In mid-February, Pennsylvania's Geisinger Health System received a $1 million grant from the Degenstein Foundation to help fund a study of potential health impacts of Marcellus shale gas drilling. The collaborative study is the first large-scale, scientifically rigorous assessment of the health effects of natural gas production.
But its timing may be inopportune. Pennsylvania's Department of Environmental Protection recently released 2011 emissions data for the unconventional drilling and processing facilities, such as wells and compressor stations.
"The data show that emissions from drilling represent a small fraction of air pollution in the state, which has gone down considerably since shale gas development began in earnest several years ago," says DEP Secretary Mike Krancer. "Natural gas is a domestic, abundant, clean-burning fuel source, and we have the regulations in place to assure that air emissions during drilling and transmission do not compromise the environmental benefit of natural gas as a fuel for electricity and transportation."
Since 2008, air emissions across the state are declining. While unconventional gas production and processing emitted 16,542 tons of nitrogen oxides in 2011, emissions of the same pollutant have fallen 43,000 tons per year.
"It's worth noting that annual sulfur dioxide emissions are down more than half a million tons per year from where they were in 2008," adds Krancer. "This is a direct result of air quality regulations and the increased use of natural gas in the power generation sector." Emissions of fine particulate matter and volatile organic compounds are also down, both within the power generation sector and across the state.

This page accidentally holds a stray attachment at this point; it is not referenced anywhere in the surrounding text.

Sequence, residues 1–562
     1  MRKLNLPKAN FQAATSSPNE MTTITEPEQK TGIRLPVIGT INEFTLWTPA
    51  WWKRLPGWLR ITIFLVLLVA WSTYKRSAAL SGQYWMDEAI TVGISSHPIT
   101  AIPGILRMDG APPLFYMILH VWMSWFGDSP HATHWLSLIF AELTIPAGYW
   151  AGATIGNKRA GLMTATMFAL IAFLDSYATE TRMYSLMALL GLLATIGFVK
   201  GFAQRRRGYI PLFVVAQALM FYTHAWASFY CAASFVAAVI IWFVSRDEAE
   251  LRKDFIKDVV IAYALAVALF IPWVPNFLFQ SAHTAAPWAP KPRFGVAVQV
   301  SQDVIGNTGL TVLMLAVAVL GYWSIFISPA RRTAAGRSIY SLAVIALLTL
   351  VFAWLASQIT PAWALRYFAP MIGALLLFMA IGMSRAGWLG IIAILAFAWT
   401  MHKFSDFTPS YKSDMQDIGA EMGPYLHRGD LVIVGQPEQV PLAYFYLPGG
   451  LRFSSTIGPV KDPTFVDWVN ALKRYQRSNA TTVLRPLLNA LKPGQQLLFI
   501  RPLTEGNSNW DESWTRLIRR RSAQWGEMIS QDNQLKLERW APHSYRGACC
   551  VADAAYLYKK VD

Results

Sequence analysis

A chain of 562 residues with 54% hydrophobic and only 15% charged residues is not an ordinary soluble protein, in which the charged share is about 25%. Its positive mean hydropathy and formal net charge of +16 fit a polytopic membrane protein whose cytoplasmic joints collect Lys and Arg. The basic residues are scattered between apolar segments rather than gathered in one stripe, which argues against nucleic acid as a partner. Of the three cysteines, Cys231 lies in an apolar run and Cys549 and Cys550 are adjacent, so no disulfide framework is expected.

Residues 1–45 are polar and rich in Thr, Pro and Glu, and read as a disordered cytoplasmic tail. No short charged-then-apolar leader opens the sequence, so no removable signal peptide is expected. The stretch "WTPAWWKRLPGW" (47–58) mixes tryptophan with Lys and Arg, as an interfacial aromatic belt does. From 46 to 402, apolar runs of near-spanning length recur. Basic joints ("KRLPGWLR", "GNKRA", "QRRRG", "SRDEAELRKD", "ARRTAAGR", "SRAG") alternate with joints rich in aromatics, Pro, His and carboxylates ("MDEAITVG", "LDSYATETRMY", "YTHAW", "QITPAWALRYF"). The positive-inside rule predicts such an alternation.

DEP also recently announced, for the next inventory submission due March 1, 2013, that conventional oil and gas compressor stations must report emissions data for 2012.
What the health study look for
This research project comes at a critical time for the residents of Pennsylvania who live in the Marcellus shale region, notes Dr. Glenn Steele Jr., president and chief executive officer at Geisinger Health System. "The establishment of reliable and valid data regarding the potential health impacts of Marcellus shale gas drilling is essential for informed policy decisions."
Geisinger plans to utilize its extensive electronic health record, along with the electronic health records of Guthrie Health, of Sayre, Pa., and Susquehanna Health, of Williamsport, Pa., to study detailed health histories of hundreds of thousands of patients living near the Marcellus shale.
The goal is to create an integrated and sharable data repository on environmental exposures, health outcomes, and community impacts. Potential health effects likely to be investigated first include asthma, trauma and cardiovascular disease.